Description

The aim of this book is to show how supramolecular complexity of cell organization can dramatically alter the functions of individual macromolecules within a cell. The emergence of new functions which appear as a consequence of supramolecular complexity, is explained in terms of physical chemistry.
The book is interdisciplinary, at the border between cell biochemistry, physics and physical chemistry. This interdisciplinarity does not result in the use of physical techniques but from the use of physical concepts to study biological problems.
In the domain of complexity studies, most works are purely theoretical or based on computer simulation. The present book is partly theoretical, partly experimental and theory is always based on experimental results. Moreover, the book encompasses in a unified manner the dynamic aspects of many different biological fields ranging from dynamics to pattern emergence in a young embryo.
The volume puts emphasis on dynamic physical studies of biological events. It also develops, in a unified perspective, this new interdisciplinary approach of various important problems of cell biology and chemistry, ranging from enzyme dynamics to pattern formation during embryo development, thus paving the way to what may become a central issue of future biology.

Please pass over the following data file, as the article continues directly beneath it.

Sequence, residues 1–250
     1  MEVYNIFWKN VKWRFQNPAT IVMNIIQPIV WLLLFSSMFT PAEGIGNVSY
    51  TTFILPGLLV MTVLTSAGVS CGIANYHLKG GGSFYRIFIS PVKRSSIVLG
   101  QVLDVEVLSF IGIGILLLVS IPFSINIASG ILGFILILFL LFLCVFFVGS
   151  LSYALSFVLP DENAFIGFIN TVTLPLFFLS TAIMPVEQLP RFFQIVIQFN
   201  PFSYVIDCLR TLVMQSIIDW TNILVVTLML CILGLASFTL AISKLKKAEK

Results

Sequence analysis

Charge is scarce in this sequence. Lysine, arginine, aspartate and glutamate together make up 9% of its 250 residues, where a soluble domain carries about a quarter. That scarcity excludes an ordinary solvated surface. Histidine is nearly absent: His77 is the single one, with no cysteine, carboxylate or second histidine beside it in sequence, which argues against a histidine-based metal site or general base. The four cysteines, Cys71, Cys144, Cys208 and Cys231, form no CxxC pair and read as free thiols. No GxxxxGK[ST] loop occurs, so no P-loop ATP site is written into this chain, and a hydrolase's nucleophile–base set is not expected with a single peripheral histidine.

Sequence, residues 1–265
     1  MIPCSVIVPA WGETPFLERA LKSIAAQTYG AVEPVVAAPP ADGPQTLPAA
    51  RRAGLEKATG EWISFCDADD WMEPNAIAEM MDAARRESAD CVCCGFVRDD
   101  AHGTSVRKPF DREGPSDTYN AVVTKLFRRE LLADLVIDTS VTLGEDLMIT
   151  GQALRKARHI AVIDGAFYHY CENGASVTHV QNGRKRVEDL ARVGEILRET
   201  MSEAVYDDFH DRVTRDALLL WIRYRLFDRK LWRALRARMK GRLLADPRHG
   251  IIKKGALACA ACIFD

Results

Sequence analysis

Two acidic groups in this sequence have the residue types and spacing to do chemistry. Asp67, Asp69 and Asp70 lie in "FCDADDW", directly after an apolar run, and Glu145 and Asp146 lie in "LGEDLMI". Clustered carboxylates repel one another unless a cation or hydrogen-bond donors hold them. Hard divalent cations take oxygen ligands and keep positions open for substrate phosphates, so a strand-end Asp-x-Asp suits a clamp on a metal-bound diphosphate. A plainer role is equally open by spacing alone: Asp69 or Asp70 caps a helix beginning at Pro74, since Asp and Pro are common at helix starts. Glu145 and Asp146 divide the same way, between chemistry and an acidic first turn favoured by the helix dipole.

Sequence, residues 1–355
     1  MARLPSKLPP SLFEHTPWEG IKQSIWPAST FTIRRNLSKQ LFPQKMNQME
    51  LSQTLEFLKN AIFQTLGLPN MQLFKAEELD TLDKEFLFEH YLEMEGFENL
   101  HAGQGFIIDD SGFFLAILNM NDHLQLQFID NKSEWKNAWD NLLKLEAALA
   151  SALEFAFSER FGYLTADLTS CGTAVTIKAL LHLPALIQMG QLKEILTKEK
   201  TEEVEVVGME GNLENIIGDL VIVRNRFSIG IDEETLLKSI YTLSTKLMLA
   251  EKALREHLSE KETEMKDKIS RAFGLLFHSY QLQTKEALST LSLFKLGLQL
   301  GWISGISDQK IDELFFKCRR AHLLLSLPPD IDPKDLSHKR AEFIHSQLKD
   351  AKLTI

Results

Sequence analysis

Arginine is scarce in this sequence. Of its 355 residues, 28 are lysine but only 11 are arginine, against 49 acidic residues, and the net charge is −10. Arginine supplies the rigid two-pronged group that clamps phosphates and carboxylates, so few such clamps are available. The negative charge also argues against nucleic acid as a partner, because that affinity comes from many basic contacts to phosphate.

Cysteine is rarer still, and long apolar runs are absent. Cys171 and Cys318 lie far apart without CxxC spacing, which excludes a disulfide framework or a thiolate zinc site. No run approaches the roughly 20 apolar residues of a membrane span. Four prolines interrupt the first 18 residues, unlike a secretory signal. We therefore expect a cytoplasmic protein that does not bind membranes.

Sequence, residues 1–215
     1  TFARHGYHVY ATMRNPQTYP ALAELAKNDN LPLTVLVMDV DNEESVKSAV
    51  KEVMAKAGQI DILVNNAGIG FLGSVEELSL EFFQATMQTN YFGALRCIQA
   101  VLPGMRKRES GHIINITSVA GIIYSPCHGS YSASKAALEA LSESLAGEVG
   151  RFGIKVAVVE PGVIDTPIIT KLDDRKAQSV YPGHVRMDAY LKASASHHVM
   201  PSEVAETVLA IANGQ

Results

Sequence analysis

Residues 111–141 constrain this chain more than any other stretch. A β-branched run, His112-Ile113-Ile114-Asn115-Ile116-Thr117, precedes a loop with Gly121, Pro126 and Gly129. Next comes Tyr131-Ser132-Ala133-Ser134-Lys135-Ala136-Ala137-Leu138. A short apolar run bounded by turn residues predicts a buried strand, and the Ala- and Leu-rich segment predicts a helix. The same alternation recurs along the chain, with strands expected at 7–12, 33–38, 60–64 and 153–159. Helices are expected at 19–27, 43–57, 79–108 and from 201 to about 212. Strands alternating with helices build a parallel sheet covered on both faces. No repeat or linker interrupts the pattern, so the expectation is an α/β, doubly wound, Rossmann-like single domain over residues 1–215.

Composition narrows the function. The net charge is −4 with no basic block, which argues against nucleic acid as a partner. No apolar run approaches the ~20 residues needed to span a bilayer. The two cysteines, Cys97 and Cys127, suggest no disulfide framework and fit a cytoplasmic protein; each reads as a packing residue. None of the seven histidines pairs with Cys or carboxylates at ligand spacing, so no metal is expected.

Table of Contents

Preface. Chapter 1. Complexity and the structure of the living cell. 1.1. What do we mean by complexity?. 1.2. The living cell. 1.3. The living cell is a complex system. Chapter 2. Elementary life processes viewed as dynamic physicochemical events. 2.1. General phenomenological description of dynamic processes. 2.2. Enzyme reactions under simple standard conditions. 2.3. Does the complexity of the living cell affect the dynamics of enzyme-catalysed reactions? Chapter 3. Coupling between chemical and (or) vectorial processes as a basis for signal perception and transduction. 3.1. Coupling between reagent diffusion and bound enzyme reaction rate as an elementary sensing device. 3.2. Sensitivity amplification for coupled biochemical systems. 3.3. Bacterial chemotaxis as an example of cell signaling. 3.4. General features of a signaling process. Chapter 4. Control of metabolic networks under steady state conditions. 4.1. Metabolic control theory. 4.2. Biochemical systems theory. 4.3. An example of the application of Metabolic control theory to a biological problem. Chapter 5. Compartmentalization of the living cell and thermodynamics of energy conversion. 5.1. Thermodynamic properties of compartmentalized systems. 5.2. Brief description of molecular events involved in energy coupling. 5.3. Compartmentalization of the living cell and the kinetics and thermodynamics of coupled scalar and vectorial processes. Chapter 6. Molecular crowding, transfer of information and channeling of molecules within supramolecular edifices. 6.1. Molecular crowding. 6.2. Statistical mechanics of ligand binding to supramolecular edifices. 6.3. Statistical mechanics and catalysis within supramolecular edificis. 6.4. Statistical mechanics of imprinting effects. 6.5. Statistical mechanics of instruction transfer within supramolecular edifices. 6.6. Instruction, chaperones and prion proteins. 6.7. Multienzyme complexes, instruction and energy transfer. 6.8. Proteins at the lipid-water interface

Details

No. of pages:
355
Language:
English
Copyright:
© 1999
Published:
Imprint:
Elsevier Science
Print ISBN:
9780444500816
Electronic ISBN:
9780080860954